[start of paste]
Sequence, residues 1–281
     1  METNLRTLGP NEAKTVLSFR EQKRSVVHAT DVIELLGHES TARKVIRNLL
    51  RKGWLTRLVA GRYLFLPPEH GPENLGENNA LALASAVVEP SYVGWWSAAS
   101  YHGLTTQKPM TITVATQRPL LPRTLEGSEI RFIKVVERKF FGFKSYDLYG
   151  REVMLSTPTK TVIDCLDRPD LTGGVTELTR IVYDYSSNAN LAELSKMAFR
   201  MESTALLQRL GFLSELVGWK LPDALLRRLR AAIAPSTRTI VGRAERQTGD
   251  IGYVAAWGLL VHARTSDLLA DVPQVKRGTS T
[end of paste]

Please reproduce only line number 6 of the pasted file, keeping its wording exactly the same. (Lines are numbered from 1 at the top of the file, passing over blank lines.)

   201  MESTALLQRL GFLSELVGWK LPDALLRRLR AAIAPSTRTI VGRAERQTGD